A day on St Martins yesterday
The view from St Martins west over to Round Island, St Helens and Tean
From the Great Bay looking west
A Great Northern Diver in the Bay
Across to the Daymark
Around the Great Bay over to the Daymark
A tractor lost in the landscape
A day of contrasting weather
Glorious sunshine – looking across to St Agnes and the Western Rocks from the Garrison on St Mary’s (click on the photograph to enlarge)
Half and hour later …….
Then back to sunshine as the Scillonian arrives at St Mary’s after passing two visiting cruise ships
I spent the morning yesterday on Peninnis Head – it was very breezy and cold.
The ‘lighthouse’ on the point
Thrift by a rock
White horses out at sea
A Ring Ouzel
A well marked male was very skulking and elusive – the best photo I could manage
A cracking Wheatear
The islands are fully of wheatears at the moment – amazing that none stay to breed – all the birds are migrants on their way to the uplands
Out to sea the Royal Marines were battling the waves on their way to the Islands – must have been an uncomfortable crossing
They finally arrived – four landing craft in all – with their valuable cargoes – 4 gigs ready for the weekend
Two smaller craft were moored up by the Quay
There were some obliging male stonechats on St Mary’s yesterday
This one was on Penninis Head
And this one – feeding young was at Periglis
There was also a Short-toed Lark on Penninis
It was a glorious day on Scilly yesterday – I walked over 12 miles and my shorts and flip flops had their first outing of the year too. I photographed a selection of common birds and re-visited the Little Bittern.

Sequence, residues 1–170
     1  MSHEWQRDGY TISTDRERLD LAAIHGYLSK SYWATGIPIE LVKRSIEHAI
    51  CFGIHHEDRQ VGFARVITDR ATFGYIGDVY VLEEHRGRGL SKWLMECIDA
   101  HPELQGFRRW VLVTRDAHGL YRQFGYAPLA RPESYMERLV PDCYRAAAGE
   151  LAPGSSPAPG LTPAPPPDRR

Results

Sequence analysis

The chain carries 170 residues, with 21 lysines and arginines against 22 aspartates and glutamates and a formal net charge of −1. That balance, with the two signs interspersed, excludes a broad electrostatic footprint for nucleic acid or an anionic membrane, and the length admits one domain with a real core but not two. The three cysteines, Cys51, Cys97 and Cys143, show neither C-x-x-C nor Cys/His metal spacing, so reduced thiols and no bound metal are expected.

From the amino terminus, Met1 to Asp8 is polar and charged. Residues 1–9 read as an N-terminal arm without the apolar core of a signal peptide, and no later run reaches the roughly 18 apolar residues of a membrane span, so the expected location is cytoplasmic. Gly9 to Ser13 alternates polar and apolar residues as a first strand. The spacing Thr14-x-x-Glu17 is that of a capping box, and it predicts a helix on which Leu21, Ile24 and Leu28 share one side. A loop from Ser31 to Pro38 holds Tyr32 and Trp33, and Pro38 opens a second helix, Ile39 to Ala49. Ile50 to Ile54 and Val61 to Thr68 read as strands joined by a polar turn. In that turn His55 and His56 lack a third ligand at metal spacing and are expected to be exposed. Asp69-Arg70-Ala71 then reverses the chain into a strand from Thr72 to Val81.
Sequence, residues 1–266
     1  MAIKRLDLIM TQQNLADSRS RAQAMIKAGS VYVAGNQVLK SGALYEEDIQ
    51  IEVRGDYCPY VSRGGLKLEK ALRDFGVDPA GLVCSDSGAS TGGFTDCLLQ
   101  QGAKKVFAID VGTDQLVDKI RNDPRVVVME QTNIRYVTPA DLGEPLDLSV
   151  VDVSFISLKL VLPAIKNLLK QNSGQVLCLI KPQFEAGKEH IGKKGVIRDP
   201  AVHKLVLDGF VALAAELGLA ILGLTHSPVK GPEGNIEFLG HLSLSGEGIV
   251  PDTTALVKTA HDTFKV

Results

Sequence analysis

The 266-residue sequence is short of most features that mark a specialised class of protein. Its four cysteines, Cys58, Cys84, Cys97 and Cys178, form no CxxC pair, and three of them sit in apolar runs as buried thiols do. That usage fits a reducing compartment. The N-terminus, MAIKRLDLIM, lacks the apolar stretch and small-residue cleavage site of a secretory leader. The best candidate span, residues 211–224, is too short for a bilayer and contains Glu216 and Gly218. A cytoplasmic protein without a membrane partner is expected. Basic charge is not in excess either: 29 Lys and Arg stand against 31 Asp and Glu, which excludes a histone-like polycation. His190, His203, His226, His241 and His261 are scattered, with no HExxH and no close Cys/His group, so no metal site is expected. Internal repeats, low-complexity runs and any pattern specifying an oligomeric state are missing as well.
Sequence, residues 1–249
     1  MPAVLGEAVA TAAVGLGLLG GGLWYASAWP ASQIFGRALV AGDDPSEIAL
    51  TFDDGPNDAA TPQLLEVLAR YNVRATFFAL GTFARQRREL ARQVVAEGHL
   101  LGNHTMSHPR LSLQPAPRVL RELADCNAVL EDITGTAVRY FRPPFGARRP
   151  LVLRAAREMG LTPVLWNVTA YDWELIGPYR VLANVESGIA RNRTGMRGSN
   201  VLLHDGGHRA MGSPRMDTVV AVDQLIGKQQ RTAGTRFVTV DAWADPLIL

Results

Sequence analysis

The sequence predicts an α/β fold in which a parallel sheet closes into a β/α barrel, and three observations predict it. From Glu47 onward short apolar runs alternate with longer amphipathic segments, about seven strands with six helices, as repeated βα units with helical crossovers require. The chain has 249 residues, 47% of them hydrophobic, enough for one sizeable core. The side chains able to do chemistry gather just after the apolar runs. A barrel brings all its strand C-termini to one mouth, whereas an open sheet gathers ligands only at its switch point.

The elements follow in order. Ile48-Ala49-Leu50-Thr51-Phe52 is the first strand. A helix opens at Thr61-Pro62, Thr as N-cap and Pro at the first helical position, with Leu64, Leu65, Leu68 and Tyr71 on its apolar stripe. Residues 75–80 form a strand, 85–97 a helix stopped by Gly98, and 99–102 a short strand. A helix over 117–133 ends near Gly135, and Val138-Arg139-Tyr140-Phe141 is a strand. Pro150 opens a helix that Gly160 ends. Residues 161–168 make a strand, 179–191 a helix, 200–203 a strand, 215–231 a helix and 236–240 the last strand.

One of Scilly’s numerous and very tame Song Thrushes
A Mallard at Higher Moors
A Gadwall at Higher Moors
A Dunlin approaching full summer plumage
A Blackbird – Scilly Blackbirds have very red bills
A reflection of the Little Bittern
Off hunting again
Backlit in the late afternoon sunshine
I was lucky enough yesterday to get a tipoff from Spider, a resident birder on Scilly who told me that there was a Little Bittern at Lower Moors on St Mary’s. Little Bitterns can be very skulking but this adult female was very obliging.
Little Bitterns are very small herons – the Collins Field Guide describes them as being smaller than a Moorhen. They are agile climbers. Here the female is in hunting mode.
She has seen a fish and pounces
Head right up to swallow
Here is a second sequence of her catching a fish
A head on shot
At last she come right out into the open
This is probably my favourite photograph
Until pretty recently Little Bitterns were considered very rare passage migrants in the UK. In 1984 a pair bred in Yorkshire. Then in 2010 they bred in the Somerset Levels for the first time and have bred there again since.
The Somerset Levels have seen a concerted effort by RSPB, The Wildlife Trust and Natural England to create new and extensive wetland areas and this combined with climate change has attracted Little Bitterns to the UK.
It will be interesting to see how their colonisation develops and whether they spread to the large habitat creation projects in the East Anglian Fens at places such as Wicken Fen, Lakenheath Fen and the Great Fen.
A couple of firsts for the year
The cockchafer or maybug
And the Small Phoenix – a smart moth!